September home sales in Palm Beach County continued to trump 2012 with double-digit increases, but a cooling in volume and price from August may assuage fears that real estate is headed toward another bubble.

The median price for a single-family home in Palm Beach County was $250,000 in September, the same as August, but nearly 12 percent higher than last year, according to a report released Monday by the Realtors Association of the Palm Beaches.

The number of homes purchased was down 15 percent from August, but increased 21 percent from 2012.

At the same time, homes sold at the fastest clip in five years, sitting on the market just 44 days compared to an 85-day wait last year.

Such factors as a stubbornly low inventory of homes, especially those priced between $150,000 and $250,000, probably contributed to the September slowdown in sales volume.

 

But it’s also a more tepid month traditionally as buyers try to get settled before school starts, and shouldn’t be considered a harbinger of a sales slump, said Rochelle LeCavalier, managing broker for Pink Palm Properties in Boca Raton

 

“Prices have higher to go, absolutely,” LeCavalier said. “But is it going to be 2006 next year? Absolutely not.”

Statewide, the median sales price for a single-family home last month was $170,000, a 3 percent dip from August, but up 17 percent from September 2012. The number of sales fell 12 percent statewide from August, but was up 19 percent from last year.

A similar pattern was seen nationally as sales dipped 2 percent from August to an annual rate of 5.29 million, but were 10.7 percent higher than September 2012. The median sales price nationwide increased 12 percent from last year to $199,200.

Lawrence Yun, chief economist for the National Association of Realtors, blamed higher prices for the drop in sales.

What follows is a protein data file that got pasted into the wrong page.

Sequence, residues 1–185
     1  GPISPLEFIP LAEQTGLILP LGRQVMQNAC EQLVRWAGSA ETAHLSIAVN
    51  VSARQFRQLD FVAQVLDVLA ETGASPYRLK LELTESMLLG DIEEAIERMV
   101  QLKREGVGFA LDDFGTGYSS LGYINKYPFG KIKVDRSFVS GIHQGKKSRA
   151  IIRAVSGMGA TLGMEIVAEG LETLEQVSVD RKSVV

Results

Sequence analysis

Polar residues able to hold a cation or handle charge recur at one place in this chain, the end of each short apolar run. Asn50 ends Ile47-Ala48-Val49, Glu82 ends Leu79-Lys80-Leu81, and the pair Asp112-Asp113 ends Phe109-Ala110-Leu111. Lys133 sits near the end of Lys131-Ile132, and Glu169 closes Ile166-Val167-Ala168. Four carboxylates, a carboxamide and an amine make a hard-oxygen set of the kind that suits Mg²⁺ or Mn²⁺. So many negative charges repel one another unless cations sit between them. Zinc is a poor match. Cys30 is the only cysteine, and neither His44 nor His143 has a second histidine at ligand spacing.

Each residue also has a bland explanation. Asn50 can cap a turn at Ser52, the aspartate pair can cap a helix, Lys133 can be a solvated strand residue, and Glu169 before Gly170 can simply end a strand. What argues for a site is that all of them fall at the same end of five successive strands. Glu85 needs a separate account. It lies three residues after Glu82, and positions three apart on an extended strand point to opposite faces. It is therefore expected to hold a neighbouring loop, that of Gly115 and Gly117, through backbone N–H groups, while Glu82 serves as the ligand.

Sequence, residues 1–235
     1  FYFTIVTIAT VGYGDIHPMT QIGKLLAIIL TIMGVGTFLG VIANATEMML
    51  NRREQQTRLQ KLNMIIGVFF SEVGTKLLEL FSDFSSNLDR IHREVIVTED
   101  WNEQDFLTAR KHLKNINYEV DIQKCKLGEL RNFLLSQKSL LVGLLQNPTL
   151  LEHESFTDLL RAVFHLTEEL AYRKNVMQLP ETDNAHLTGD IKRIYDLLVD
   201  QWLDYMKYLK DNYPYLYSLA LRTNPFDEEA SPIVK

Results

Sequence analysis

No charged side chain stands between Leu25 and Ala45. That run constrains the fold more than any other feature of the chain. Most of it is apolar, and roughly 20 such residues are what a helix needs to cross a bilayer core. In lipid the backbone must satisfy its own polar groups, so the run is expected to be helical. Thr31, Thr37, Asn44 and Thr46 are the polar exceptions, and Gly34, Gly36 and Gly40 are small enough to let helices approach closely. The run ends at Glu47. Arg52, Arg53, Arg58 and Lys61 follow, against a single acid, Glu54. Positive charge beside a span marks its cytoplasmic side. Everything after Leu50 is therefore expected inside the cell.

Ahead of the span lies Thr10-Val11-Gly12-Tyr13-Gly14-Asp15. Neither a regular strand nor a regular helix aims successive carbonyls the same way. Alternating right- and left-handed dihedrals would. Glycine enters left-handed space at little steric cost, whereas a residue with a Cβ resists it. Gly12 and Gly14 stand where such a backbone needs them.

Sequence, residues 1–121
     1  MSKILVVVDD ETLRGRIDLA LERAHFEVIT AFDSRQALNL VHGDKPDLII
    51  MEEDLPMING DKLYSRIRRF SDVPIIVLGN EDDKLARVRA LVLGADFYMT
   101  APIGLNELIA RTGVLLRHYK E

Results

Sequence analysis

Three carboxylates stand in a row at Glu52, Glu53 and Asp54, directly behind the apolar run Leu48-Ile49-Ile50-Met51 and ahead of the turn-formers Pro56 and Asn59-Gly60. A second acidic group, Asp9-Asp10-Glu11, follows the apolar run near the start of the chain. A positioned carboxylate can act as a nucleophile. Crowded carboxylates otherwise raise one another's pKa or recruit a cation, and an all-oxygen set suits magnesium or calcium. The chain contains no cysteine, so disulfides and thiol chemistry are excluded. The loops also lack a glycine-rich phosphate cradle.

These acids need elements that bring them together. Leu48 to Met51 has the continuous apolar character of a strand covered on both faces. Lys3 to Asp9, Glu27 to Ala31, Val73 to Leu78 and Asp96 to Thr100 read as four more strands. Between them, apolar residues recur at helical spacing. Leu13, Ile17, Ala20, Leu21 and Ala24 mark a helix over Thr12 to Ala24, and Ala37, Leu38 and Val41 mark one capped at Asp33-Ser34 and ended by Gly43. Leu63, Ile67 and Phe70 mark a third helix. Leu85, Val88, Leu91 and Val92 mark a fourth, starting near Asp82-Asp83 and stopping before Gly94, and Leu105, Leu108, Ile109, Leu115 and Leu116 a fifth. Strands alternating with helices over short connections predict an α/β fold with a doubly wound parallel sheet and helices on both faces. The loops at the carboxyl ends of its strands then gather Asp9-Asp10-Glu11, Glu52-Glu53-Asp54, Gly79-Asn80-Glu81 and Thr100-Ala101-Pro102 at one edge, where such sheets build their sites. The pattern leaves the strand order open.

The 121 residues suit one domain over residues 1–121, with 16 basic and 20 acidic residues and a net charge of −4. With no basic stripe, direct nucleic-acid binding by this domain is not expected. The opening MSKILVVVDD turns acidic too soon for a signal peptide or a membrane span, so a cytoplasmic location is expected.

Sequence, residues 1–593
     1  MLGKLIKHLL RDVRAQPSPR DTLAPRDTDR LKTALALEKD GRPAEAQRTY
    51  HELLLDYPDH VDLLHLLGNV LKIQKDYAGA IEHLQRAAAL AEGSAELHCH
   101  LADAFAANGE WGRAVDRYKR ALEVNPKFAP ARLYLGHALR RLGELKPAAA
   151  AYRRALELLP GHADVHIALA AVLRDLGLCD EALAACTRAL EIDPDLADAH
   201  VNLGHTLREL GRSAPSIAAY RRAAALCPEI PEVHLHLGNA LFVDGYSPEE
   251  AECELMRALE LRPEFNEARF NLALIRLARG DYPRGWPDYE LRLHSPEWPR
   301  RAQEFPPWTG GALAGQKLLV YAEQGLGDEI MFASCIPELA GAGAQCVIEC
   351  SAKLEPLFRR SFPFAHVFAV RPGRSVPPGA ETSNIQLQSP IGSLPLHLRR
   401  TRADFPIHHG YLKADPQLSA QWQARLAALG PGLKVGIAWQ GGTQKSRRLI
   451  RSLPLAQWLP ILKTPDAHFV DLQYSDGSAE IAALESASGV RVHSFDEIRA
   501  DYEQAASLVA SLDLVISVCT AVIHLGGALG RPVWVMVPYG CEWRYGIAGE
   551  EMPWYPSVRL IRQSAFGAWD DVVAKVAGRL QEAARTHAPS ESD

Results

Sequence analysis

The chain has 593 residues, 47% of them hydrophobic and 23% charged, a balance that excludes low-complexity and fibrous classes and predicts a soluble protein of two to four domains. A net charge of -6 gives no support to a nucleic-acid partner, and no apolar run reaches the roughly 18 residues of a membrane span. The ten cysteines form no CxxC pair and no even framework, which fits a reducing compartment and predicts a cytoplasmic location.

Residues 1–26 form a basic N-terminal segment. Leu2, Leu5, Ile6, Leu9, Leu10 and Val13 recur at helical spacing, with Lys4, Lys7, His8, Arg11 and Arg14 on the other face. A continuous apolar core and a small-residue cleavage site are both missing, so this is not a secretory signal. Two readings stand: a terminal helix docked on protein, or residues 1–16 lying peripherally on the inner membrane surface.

“Affordability has fallen to a five-year low as home price increases easily outpaced income growth,” Yun said. “Expected rising interest rates will further lower affordability in upcoming months.”

The average interest rate for a 30-year, conventional, fixed-rate mortgage rose to 4.49 percent in September from 4.4 percent in August, according to federal mortgage backer Freddie Mac.

LeCavalier said she still hears complaints about traditional home buyers squaring off against cash investors, but that it was especially bad earlier this year when the median sales price shot from $218,000 in January to $265,000 in April.

“I tell buyers, ‘if you’re calling about a home today, don’t think it’s going to be there next week,’” she said. “The sellers want cash and they’re getting multiple offers from investors.”

About 47 percent of single-family home sales countywide last month were cash deals. Statewide, cash sales made up 42 percent of sales.

Shannon Brink, of RE/MAX Prestige Realty in West Palm Beach, can attest to the quick turnaround in sales. He said he recently had a listing for $225,000 that had 10 showings and four offers on it within 48 hours.

“Anything in the $250,000 range or under seems to be gone in a matter of hours or a week at best,” he said. “Over $300,000, you have more options, but homes are still selling within a few weeks.”

The inventory of homes for sale in Palm Beach County increased slightly to five months in September from 4.8 months in August.

Tim Harris, president of the Realtors Association of the Palm Beaches, said an inventory under a six-month supply is a seller’s market that will hopefully push more people to list their homes. About 2,200 new homes were listed for sale last month, an increase of 32 percent from last year.

More homes means less competition and stabilizing prices, said C.F. Sirmans, a professor with Florida State University’s Center for Real Estate Education and Research.

“At least in theory, sellers will respond,” said Sirmans, who is not concerned about a real estate bubble in Florida. “Prices went down fairly dramatically in most markets. They are trying to readjust.”

By Kimberly Miller